23 Juillet 2020

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Chemistry Ecology / Environment


Metals & Minerals
Chemicals, Materials & Plant-based Materials

The development of efficient water filtration systems is an important challenge for environmental engineering. Activated carbon is widely used for adsorption of organic pollutants. However, it is only a separation process and current regeneration processes all present some important drawbacks. A new electrochemical process for in situ regeneration of activated carbon fibers has been developed. Activated carbon fibers allow for fast adsorption of organic pollutants and are subsequently used as cathode during the regeneration process. The objective is to recover the adsorption capacity of the initial material and to degrade organic pollutants.

Competitive advantages:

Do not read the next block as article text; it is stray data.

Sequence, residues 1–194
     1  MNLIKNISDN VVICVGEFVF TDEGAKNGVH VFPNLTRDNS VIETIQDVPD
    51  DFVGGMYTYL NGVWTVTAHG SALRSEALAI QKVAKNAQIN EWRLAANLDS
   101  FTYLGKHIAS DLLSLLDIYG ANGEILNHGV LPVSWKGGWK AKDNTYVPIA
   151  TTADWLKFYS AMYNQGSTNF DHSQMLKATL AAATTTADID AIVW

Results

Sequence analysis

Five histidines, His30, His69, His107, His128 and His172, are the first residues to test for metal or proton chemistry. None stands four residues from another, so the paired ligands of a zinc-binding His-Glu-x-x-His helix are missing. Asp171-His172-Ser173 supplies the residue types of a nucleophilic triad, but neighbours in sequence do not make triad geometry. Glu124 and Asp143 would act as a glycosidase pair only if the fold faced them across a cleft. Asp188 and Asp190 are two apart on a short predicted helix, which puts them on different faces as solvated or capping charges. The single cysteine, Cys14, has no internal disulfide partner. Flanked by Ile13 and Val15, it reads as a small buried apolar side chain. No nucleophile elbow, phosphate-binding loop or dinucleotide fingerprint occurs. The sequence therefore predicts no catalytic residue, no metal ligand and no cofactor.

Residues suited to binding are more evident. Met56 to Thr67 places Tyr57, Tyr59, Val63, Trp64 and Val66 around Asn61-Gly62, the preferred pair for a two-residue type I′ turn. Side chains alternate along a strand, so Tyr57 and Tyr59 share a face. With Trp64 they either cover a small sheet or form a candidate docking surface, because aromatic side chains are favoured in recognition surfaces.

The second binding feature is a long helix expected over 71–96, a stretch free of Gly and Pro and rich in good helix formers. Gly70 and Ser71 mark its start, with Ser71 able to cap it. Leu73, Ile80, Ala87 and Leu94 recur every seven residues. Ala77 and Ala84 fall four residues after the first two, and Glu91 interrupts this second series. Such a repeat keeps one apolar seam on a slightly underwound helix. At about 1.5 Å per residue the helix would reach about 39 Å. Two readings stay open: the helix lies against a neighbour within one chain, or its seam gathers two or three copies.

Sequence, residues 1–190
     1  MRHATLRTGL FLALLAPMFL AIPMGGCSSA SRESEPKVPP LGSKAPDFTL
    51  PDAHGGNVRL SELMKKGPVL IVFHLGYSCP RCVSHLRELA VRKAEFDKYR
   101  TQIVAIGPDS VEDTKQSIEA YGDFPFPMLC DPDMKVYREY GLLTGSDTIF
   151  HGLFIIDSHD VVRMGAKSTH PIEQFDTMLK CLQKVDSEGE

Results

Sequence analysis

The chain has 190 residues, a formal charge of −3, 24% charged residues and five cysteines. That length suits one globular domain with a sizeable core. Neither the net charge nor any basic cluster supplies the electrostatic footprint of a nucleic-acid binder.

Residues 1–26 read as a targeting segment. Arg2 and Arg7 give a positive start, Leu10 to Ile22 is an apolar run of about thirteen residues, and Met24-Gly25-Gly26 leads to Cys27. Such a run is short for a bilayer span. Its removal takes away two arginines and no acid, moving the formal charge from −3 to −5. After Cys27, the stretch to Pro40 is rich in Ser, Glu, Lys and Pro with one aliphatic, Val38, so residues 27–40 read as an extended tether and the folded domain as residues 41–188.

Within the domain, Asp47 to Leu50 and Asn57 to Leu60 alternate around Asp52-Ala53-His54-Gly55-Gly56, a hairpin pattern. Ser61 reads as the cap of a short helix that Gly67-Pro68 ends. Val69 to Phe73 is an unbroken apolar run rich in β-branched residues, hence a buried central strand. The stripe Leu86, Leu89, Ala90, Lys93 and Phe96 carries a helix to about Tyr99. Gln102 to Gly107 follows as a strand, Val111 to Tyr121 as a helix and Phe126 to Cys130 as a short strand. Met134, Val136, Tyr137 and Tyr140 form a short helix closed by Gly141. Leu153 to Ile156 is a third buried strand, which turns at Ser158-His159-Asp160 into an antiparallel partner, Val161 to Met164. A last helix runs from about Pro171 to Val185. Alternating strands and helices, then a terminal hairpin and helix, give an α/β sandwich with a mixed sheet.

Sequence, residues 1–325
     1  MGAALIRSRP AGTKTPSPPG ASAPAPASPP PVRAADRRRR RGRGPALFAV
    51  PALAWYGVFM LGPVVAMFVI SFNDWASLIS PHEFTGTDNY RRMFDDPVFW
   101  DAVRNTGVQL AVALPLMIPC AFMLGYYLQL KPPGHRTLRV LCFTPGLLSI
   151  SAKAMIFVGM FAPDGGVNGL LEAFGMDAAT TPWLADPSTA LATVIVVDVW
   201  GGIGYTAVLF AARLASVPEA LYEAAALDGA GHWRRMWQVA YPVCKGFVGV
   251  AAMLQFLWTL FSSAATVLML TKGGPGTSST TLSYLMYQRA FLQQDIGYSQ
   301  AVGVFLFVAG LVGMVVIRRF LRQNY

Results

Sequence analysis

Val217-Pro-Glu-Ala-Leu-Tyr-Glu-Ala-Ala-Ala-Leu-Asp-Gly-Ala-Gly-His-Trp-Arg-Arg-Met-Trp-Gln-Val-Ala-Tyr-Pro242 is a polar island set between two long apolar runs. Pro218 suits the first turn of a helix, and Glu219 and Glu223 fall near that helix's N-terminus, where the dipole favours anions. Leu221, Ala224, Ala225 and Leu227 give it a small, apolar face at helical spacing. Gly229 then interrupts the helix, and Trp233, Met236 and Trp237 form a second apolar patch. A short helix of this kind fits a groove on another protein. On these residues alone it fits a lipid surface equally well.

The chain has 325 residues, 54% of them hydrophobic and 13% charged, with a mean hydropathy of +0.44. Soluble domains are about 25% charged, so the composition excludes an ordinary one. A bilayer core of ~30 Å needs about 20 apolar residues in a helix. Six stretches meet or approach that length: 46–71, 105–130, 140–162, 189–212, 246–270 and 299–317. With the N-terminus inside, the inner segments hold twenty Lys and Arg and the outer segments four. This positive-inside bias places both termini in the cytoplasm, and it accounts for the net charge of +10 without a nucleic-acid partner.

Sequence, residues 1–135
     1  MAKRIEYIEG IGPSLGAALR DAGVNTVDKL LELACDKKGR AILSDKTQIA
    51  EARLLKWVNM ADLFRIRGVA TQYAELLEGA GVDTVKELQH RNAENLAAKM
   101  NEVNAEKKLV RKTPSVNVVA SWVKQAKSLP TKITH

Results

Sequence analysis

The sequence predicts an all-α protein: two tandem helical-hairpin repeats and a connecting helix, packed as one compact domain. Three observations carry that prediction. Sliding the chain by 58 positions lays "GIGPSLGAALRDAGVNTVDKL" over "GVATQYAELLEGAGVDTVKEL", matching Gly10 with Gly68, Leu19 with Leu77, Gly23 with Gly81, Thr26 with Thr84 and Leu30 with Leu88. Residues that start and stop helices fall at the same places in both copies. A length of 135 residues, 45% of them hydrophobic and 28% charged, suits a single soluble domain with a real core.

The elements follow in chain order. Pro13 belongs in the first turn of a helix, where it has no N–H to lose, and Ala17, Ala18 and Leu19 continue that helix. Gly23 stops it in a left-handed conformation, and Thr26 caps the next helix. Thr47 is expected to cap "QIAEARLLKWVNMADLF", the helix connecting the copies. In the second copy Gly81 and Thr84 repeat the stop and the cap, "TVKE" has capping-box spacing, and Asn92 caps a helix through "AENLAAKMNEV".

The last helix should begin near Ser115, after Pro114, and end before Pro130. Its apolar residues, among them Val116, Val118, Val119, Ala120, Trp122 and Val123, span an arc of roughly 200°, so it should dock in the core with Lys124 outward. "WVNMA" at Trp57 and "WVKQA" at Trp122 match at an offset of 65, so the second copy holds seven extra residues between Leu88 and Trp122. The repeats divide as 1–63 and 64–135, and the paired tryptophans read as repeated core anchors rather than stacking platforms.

• Up to 10 regeneration cycles, allowing to considerably decrease the cost of activated carbon fibers
  • In-situ regeneration of activated carbon fibers (no need to extract the filter to regenerate)
  • No loss matter during regeneration (compared to thermal regeneration)
  • Higher performance of fibers compared to granular activated carbon (high adsorption capacity, fast adsorption kinetics)
  • None attrition / oxidation of the activated carbon fibers thanks to cathodic polarization protection
  • Complete degradation and mineralization of organic pollutants
  • No biological activity development inside the filter
  • Process performed at atmospheric pressure and ambient temperature
  • Compact, robust, high automation and easy operation process (current intensity is the main operating condition)


  • Drinking water
  • Food industry
  • Water purification
  • Wastewater

Keywords: Water treatment, Activated carbon regeneration, Electrochemistry, Oxidation of organic pollutants, Activated carbon fiber, Degradation and mineralization of organic pollutants

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